As we care for the most vulnerable, we reflect the image and likeness of God.


Rev’d Peter Balabanski

Pentecost + 14 – Season of Creation 1 – Rom 12: 9-21

We do an unusual thing in church each Sunday. We delve into ancient writings, and in them, seek wisdom and truth to inform our choices and values some millennia later. In this Season of Creation, how might we expect to find wisdom in them for this Anthropocene age? Could the ancients ever have imagined what we might be consciously doing to life on Earth in our time, and what would they say if they did?

Since June this year, we’ve been listening every week to the voice of one such ancient writer – Paul. We’ve been studying his letter to the Christians in Rome. So I wonder, could Paul have imagined what we are doing to Earth now? Paul took the natural world very seriously. In Rom 1.18-20, he said our blindness to creation’s message about God meant we’ve ignored God’s character; that we’ve suppressed the truth about God. In Rom 1.20, he wrote, Ever since the creation of the world, God’s eternal power and his divine nature, invisible though they are, have been understood and seen through the things God has made. So we are without excuse.

For Paul, creation reveals God’s power and character. Could he have imagined the sort of things we’re doing to creation today? He may have. Paul knew the Hebrew Scriptures backwards, and there’s an awful story in Judges 9.45 where the would-be king of Shechem, Abimelech, put down a revolt. He killed the city’s inhabitants, demolished the buildings and then sowed its fields with salt (using it as a sort of a proto-agent-orange) to ensure they could never rise against him again.

Salting the fields of defeated enemies was not unknown in the ancient world. There are legends of the Romans having done this to Carthage. I wonder if Paul knew these stories, and if they lie behind his words about the ungodliness and wickedness of people who’d suppress the truth Rom 1:18; who’d ignore Earth’s role in sustaining all life; who’d ignore the way Earth reveals God’s power and character. If they’d salt the ground, what else might such people do to control their environment?

These stories of utter erasure of rivals are not alien to us these days. The expression cancel-culture is becoming more common to describe people who utterly write off the humanity of people they disagree with. This polarising force is a terrible curse. God calls us to offer an alternative to these divisive, artificial tribal distinctions.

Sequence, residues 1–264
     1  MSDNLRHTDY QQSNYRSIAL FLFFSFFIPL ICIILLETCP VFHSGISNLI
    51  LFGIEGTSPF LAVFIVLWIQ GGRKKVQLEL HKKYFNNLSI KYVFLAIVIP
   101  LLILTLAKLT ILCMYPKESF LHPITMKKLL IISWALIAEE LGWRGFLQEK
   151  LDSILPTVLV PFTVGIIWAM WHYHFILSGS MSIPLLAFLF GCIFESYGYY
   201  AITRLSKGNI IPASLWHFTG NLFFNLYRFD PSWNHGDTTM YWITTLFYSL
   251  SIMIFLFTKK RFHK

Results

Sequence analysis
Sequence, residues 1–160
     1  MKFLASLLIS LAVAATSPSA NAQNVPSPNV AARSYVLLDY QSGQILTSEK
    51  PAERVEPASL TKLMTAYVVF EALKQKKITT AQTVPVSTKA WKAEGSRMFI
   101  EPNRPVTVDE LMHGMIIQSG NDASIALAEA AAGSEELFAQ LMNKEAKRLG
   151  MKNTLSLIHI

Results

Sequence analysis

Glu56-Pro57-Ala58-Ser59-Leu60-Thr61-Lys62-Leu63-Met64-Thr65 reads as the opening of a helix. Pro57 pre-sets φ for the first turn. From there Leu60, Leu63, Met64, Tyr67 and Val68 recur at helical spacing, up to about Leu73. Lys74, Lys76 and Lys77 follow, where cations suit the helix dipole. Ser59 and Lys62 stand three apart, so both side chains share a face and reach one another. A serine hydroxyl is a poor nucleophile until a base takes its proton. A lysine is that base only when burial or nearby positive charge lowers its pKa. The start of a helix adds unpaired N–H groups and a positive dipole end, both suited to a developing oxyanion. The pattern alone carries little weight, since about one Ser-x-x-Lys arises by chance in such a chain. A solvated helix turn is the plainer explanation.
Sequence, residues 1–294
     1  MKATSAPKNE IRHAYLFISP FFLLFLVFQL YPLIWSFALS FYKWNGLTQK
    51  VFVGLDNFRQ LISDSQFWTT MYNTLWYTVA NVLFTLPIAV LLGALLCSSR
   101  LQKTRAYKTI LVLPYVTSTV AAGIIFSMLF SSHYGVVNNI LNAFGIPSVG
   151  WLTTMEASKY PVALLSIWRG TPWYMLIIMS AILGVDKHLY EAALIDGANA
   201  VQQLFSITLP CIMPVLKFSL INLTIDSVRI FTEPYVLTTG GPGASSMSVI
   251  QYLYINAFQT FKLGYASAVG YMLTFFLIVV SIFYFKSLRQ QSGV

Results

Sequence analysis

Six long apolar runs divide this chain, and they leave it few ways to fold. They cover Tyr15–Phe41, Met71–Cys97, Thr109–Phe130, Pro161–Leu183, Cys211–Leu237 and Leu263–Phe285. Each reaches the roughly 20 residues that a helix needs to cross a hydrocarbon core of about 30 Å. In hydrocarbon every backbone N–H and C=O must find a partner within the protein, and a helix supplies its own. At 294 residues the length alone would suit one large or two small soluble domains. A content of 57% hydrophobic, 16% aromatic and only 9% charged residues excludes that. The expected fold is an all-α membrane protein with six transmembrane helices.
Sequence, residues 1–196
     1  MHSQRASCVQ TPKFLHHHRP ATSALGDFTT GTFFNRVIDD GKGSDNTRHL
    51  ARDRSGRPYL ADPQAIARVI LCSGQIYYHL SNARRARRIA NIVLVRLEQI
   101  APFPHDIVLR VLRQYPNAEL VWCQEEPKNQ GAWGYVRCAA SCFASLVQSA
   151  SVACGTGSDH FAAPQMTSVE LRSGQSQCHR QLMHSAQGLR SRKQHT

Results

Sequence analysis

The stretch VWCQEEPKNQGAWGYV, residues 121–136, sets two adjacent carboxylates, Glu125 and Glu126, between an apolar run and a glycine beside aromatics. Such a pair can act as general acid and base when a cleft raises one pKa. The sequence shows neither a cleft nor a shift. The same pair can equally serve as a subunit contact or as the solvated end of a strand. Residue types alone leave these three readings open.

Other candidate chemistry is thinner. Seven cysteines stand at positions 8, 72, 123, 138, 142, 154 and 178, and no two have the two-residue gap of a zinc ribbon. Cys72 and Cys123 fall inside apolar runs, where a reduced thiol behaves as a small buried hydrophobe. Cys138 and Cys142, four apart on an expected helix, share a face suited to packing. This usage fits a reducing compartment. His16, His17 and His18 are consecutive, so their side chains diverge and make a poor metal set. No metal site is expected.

In face of a scorched-earth, cancel-culture ethos, God’s people are called to embody a relational biosphere that mirrors creation’s life-sustaining balance and diversity. Paul calls us to embody a life-giving interplay of compassion, justice, mutual love and respect. Instead of social Darwinism for which competition is natural, and where the powerful salt the fields of the vulnerable, Jesus calls us to be salt and light; to embody and share the savour and vision of God’s Kingdom life.

This is Paul’s purpose in the passage we read from Rom 12 today. Some scholars see Rom 12.9-21 as a loose collection of moral exhortations. I think it’s much better than that. Paul’s just been speaking about us all being parts of one body, each with different gifts; each with our part to play. 12.4-8 Now, he lists a series of qualities that ought [to] attend the interplay of gifts in Christian community lifeByrne 375

Interplay to me is an organic, ecological word. We use the word organic to describe natural co-operation; the interplay of parts of a body or an eco-system. It has a lot to do with the character that God has implanted in each of us, and particularly in the relationships which bind us together. Why do I say that? Because when Paul begins this passage with Let love be genuine, he uses a special word for love; agape.

Up until this point in the letter, the word agape has only referred to the love that comes from God. Suddenly now, Paul says this is the type of love that comes from us believers. So all the qualities that follow – which are to proceed from this love of ours – are to be like those of God. They are life-giving qualities; 13 Contribute to the needs of the saints; extend hospitality to strangers. They are relationship building qualities; Bless … and do not curse … Live in harmony … Do not repay anyone evil for evil … so far as it depends on you, live peaceably with all.

Our love is to mirror God’s love. And how do we know what God’s love looks like? Remember what Paul said in chapter 1, 1.20 God’s eternal power and his divine nature, invisible though they are, have been understood and seen through the things God has made.

In this Season of Creation, we look to the things God has made. We explore ecological spirituality. So let me share a story in which I find profound resonances with the wisdom we’ve heard today from Paul’s letter to the Romans.

Peter Wohlleben, in his book The Hidden Life of Trees p. 17 described his early duty as a forester to thin out young trees in the forest by ringbarking some of them. The idea was that this would let more light through and help the rest of the trees. But the trees knew better; their interplay as a mutually supportive community works better. Thinning out would let in more heat and wind, and disrupt the moist, cool climate at the forest floor. So through their interwoven root system, the surrounding trees shared with the ringbarked trees some of the sugar that their own leaves had photosynthesised. Amazingly, this has kept the ringbarked trees alive for decades.

Paul’s message is very like the one Wohlleben learned from the trees. God’s power and character – love and compassion – are revealed in our weakness. And our care for our most vulnerable reveals the extent to which we have let our character as Christians, and as a community, reflect the image and likeness of God. Amen.